If it doesn't hurt, you're not doing it right...
October 30, 2009 8:15 AM Subscribe
The old adage 'No Pain, No Gain'
appears intuitive when it comes to developing physical prowess. I only started to see gains in the gym after pushing myself to the point where I'd wake up thinking I'd be crippled for the rest of my life. Is the same true for cognitive improvements too?
posted by Zé Pequeno to health & fitness (18 answers total) 23 users marked this as a favorite
I'm not normally prone to headaches but I've started to notice that after reading very difficult text books, I am left with a headache varying in severity from the mildly inconvenient to the unbearable. Since starting to play Dual N-back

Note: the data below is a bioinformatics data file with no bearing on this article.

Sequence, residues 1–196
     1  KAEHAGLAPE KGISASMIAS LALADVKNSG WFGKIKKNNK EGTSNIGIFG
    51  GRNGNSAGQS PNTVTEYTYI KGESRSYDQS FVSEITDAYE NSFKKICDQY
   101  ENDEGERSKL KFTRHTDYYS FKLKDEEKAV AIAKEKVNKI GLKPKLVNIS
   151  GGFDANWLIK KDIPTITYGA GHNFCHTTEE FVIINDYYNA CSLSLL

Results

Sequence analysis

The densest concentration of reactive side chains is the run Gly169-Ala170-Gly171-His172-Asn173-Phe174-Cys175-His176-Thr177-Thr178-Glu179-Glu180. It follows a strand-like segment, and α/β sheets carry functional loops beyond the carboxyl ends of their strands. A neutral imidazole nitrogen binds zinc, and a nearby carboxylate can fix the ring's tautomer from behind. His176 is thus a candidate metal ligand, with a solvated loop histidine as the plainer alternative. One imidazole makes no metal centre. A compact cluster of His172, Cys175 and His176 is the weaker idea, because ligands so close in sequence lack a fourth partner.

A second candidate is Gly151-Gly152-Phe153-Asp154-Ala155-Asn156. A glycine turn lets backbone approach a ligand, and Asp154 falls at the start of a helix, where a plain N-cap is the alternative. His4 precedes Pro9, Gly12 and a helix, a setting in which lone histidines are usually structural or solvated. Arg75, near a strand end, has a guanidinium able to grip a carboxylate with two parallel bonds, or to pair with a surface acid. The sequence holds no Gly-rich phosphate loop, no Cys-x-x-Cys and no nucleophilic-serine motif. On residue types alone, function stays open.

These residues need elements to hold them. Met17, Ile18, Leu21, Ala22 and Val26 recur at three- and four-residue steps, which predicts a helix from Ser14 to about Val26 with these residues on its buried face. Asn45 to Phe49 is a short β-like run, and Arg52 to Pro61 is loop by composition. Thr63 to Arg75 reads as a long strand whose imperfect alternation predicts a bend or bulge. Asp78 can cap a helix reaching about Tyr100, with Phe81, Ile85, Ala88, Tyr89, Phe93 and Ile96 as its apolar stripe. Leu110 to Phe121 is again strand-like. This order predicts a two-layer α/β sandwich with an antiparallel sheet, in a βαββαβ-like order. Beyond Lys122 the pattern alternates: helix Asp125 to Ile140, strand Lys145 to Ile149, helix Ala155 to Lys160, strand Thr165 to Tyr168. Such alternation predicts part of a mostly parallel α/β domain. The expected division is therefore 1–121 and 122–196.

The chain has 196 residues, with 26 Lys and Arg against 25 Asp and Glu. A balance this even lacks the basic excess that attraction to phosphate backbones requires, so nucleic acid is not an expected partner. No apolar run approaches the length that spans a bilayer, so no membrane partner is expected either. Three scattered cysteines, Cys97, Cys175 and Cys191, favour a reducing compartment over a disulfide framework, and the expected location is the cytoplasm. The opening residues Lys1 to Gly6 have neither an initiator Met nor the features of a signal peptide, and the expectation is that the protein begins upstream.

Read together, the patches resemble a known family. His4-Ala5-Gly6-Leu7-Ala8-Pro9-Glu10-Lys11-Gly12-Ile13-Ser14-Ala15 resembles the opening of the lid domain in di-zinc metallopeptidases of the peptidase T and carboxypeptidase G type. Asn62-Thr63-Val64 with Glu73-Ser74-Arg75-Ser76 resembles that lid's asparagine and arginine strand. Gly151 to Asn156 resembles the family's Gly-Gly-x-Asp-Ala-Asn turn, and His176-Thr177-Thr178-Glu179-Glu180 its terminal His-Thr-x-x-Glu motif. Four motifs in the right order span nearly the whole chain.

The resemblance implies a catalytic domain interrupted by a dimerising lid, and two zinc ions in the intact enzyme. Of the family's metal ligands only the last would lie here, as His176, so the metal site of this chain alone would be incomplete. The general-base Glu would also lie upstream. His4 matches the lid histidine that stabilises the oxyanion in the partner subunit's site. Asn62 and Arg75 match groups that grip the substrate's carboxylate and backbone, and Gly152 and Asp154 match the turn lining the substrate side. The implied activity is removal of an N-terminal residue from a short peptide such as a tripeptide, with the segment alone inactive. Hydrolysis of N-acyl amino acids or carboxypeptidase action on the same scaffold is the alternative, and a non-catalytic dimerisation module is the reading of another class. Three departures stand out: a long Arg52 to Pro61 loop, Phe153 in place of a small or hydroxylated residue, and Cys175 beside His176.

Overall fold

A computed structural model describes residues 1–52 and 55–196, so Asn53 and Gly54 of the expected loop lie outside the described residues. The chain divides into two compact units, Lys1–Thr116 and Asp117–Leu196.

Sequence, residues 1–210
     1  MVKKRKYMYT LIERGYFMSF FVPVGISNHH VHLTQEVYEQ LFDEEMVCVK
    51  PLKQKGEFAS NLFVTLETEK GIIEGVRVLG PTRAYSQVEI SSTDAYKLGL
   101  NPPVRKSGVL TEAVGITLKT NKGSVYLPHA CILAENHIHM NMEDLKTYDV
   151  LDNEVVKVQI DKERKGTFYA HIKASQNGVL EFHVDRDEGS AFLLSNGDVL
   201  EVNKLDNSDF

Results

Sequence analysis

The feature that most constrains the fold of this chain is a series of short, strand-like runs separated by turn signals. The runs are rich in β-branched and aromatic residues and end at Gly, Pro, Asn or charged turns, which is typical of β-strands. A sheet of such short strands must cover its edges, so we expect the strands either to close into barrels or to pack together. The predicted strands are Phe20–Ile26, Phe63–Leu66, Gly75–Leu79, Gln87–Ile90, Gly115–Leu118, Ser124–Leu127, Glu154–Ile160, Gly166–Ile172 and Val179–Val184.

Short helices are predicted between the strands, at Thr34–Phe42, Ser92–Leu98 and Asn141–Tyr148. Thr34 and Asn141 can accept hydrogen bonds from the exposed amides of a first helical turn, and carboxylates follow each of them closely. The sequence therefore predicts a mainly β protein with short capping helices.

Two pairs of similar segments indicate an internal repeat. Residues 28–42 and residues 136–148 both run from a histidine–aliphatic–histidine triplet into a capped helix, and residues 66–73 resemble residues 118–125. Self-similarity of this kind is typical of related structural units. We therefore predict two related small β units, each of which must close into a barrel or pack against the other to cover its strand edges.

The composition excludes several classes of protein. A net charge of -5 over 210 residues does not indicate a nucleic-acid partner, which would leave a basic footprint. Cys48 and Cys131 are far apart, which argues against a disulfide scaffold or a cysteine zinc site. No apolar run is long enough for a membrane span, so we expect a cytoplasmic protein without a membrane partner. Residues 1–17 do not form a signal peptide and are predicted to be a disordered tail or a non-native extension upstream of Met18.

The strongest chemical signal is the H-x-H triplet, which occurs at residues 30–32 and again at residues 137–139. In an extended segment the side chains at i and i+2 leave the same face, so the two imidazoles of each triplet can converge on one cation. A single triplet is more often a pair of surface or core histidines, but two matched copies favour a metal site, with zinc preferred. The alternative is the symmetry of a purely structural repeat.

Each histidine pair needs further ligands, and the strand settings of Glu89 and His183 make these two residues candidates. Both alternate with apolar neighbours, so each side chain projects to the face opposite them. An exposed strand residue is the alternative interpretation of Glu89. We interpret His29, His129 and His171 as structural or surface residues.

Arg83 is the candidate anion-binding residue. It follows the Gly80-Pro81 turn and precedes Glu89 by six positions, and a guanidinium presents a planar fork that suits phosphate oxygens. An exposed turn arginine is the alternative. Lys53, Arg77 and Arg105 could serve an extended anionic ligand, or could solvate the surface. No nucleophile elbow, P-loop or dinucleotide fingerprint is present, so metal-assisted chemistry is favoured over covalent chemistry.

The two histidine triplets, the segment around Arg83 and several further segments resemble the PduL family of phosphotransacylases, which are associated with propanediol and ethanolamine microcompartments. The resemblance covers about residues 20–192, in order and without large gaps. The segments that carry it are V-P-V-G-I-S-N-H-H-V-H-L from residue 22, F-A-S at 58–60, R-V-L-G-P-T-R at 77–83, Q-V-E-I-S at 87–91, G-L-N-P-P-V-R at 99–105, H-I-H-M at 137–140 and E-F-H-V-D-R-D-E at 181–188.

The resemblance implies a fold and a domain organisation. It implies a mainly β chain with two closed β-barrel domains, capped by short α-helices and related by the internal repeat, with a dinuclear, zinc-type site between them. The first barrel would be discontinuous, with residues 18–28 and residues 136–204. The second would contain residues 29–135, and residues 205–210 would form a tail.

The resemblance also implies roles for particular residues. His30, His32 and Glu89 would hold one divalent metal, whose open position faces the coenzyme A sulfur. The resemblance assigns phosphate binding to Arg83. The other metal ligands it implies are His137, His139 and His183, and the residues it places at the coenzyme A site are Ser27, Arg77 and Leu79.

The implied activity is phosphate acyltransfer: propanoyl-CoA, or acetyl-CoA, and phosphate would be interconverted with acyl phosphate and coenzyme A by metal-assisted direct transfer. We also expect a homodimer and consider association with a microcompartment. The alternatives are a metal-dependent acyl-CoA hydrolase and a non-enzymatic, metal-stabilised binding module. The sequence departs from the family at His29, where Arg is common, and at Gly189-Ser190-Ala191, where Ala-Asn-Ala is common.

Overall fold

, an insanely difficult game scientifically-proven to improve fluid intelligence and working memory, it has got even worse.
I'll be the first to admit that I've not used my brain properly in a long time. Should I take this as evidence that my efforts are paying off or indication of a more serious health concern? I might be wrong but I doubt that it's the latter because I only have headaches when I engage in something that significantly pushes me to my limits.
A game of Dual N-back is normally followed by the need to lie down and rest for 15 minutes or so. I like to think that the headache is merely an outward manifestation of my brain producing new neurons and better connections. Is there any scientific explanation that might confirm this?